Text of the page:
Shumway said it’s always a tough line to walk in trying to foster a regulatory environment that helps downtown thrive and implementing unnecessary regulations that make it difficult for businesses to succeed.

“Hopefully everything we do is pro-business,” Shumway said. “We’ll be very careful in considering all their needs and abilities to stay in business. We try to find something that helps all businesses.”

The updated standards would not allow any storefront to utilize stucco, natural-finished wood, synthetic stone or metal siding. A non-storefront facade that faces another right-of-way would be allowed to have stucco or synthetic stone occupy up to 20% of the facade. A building would also be required to take up 80% of the square footage of the lot it occupies. A patio could constitute 20% of the required footprint.

The changes would also greatly increase the amount of transparent windows that must be present on buildings’ facades, increasing the ratio from 10 % to 70% of a street-facing facade to be composed from transparent materials, and the lowest edge of transparency can be no more than two feet off the ground. Floors above the ground floor would need to be 50% percent transparent, with a minimum of four-foot tall windows. However, buildings could be exempted from the window requirement by applying for a waiver on the grounds that the building is historical or culturally significant.

The code changes would also ban the use of temporary signs and banners, except signs advertising — for a brief period — special events. While it would be a requirement applying only to new buildings, the proposed changes include a minimum height for buildings of 30 feet.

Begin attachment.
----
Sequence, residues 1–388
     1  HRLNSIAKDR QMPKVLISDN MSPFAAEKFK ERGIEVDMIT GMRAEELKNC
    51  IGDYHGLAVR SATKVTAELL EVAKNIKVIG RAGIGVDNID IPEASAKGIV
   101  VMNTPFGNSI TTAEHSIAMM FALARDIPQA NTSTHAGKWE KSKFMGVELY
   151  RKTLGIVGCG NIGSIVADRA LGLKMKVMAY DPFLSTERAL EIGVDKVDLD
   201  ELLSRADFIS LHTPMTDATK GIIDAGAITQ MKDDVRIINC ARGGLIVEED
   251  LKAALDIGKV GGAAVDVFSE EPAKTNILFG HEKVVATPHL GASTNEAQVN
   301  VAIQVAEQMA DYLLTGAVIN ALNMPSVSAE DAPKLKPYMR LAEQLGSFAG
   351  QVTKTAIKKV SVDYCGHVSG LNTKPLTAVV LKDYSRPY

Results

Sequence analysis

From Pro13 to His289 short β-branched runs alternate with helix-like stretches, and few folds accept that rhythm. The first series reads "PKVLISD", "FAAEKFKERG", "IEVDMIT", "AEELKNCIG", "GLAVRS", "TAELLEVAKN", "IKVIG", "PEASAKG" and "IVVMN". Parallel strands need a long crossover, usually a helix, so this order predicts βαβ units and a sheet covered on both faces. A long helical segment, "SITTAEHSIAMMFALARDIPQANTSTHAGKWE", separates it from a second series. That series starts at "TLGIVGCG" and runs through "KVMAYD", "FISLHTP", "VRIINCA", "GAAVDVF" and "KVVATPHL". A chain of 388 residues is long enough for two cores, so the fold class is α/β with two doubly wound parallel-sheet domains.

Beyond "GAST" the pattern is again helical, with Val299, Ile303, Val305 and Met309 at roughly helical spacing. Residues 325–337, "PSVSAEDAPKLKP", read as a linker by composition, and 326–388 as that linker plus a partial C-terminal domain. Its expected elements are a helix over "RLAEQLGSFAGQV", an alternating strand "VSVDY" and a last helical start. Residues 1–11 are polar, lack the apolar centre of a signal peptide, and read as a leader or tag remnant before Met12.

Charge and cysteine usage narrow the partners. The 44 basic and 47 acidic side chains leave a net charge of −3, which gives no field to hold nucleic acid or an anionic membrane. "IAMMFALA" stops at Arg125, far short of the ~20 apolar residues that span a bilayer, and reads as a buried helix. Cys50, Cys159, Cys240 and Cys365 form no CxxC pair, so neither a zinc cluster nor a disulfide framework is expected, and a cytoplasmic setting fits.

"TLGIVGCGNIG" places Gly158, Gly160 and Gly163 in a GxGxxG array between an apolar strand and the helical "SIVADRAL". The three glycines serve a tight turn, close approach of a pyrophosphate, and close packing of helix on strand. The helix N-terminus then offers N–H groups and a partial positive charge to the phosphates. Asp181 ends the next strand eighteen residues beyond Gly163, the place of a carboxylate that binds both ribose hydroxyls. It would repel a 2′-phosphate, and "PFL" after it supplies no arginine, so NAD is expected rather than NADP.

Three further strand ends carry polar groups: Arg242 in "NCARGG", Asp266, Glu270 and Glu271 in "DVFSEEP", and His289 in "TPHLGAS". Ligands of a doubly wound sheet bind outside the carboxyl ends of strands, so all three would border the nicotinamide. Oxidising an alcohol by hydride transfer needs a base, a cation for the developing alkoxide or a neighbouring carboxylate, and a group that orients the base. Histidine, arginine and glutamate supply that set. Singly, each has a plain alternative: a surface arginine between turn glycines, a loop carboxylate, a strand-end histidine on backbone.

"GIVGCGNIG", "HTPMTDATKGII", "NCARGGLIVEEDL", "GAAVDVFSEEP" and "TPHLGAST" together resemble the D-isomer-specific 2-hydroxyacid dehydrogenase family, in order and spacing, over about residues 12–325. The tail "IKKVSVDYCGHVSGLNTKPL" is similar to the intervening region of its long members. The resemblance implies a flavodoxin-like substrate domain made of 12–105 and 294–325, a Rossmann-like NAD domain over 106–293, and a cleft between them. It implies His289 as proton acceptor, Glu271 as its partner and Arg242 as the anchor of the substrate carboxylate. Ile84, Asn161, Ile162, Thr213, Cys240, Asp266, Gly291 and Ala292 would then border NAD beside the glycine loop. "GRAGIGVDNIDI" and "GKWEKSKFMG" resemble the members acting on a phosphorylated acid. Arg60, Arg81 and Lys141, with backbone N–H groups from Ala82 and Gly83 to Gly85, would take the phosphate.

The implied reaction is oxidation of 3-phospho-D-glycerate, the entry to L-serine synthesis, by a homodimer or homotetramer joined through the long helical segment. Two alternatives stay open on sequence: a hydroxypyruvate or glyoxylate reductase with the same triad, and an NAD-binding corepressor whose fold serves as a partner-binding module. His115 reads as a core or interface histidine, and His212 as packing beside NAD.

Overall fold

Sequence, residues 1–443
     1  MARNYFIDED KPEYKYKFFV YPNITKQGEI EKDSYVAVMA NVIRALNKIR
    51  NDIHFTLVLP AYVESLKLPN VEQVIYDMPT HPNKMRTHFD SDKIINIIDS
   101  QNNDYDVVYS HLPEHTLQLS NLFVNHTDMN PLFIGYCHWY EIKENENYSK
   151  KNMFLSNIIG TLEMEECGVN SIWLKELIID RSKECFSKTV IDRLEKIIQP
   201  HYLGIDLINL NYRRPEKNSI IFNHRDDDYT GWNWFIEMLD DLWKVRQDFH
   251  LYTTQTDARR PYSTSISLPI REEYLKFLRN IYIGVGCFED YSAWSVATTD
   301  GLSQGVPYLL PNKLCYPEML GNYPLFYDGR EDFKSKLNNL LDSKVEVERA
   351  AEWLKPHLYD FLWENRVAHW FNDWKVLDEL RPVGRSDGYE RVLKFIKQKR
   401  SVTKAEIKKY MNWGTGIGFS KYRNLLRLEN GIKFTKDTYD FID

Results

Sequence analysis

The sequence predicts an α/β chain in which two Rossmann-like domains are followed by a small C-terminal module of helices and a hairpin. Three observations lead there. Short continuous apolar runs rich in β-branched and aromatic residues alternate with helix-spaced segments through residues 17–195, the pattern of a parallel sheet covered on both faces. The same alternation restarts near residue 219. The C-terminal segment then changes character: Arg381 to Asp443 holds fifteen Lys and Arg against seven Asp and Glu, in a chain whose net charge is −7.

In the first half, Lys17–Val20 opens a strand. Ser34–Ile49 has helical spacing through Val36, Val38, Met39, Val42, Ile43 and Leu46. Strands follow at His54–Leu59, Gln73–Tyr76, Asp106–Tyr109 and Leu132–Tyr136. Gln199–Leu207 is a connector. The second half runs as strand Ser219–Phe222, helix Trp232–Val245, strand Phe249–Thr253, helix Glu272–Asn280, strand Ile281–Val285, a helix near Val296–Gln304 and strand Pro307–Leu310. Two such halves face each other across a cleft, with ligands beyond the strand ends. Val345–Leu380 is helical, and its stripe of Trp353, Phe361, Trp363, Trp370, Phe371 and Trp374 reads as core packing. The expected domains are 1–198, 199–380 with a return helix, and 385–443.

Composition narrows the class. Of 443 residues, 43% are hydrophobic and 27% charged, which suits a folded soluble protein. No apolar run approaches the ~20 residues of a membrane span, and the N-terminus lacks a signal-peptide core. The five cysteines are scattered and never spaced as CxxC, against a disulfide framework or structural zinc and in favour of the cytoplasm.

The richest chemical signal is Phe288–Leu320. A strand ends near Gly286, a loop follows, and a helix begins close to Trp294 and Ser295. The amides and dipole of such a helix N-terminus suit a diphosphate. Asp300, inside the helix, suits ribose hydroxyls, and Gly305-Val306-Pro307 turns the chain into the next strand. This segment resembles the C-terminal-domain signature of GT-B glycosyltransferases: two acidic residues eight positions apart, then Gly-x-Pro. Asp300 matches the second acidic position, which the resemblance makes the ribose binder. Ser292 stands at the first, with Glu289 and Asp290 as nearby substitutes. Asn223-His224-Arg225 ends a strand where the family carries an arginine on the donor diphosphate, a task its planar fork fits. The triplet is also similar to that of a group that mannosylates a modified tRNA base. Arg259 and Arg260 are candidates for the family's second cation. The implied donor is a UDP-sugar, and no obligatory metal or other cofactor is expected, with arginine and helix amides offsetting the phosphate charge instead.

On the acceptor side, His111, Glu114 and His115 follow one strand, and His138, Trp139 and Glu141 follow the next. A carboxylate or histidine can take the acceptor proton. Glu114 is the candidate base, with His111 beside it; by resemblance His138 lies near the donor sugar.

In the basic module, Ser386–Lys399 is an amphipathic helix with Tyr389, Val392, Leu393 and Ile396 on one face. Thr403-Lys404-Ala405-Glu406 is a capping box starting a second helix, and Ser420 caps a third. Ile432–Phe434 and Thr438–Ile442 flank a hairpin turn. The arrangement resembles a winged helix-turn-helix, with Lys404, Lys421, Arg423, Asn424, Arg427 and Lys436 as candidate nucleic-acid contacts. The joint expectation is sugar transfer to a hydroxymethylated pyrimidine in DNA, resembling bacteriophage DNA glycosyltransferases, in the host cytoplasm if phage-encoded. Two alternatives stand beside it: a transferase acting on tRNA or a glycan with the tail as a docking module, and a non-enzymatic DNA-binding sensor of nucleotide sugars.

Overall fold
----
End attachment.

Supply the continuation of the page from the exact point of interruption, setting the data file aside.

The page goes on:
On measures that would loosen regulations, the proposed revisions would allow for downtown buildings to be taller than currently allowed while setting a two-story minimum height. Currently, proposed new buildings can be no taller than the tallest existing structure on that block. The proposed changes would set a maximum height of 80 feet — one story taller than the Wagner building.

The proposed regulations would also allow for signs that protrude from a storefront to be larger than the current regulations. The current rule states that projecting signs can only go a third of the way from a building to the curb and should not exceed 15 square feet. The proposed changes would allow projecting signs to protrude halfway to the curb, with a size limit of 30 square feet.

The proposed change also would remove a rule in code that allows a building downtown to be no larger than 65,000 square feet.

(1) comment

Brett Glass

Wow: Is it reasonable to ask businesses to find a way to clear their sidewalks hours before their employees get to work or customers will show up, just because some member of the city staff finds it more convenient to inspect them early in the morning rather than at a decent hour? Should the city go after only the owner of a rental property whose tenants are causing a nuisance, rather than ticketing the tenants themselves, forcing the owner to play policeman? Is it reasonable to ask building owners to rip the perfectly nice looking fronts off of their buildings - which could cost as much as rebuilding the building in some cases - to satisfy the aesthetic whims of an unelected bureaucrat on the city staff? Do we really want "skyscrapers" downtown - even though they're completely out of character (our two tallest downtown buildings are both 5 stories)? Do we really want to make the downtown parking crisis even worse by preventing new buildings from including parking? So many of these proposals are just wrong, wrong, wrong. We need leadership which listens to the community and proposes reasonable, POSITIVE changes.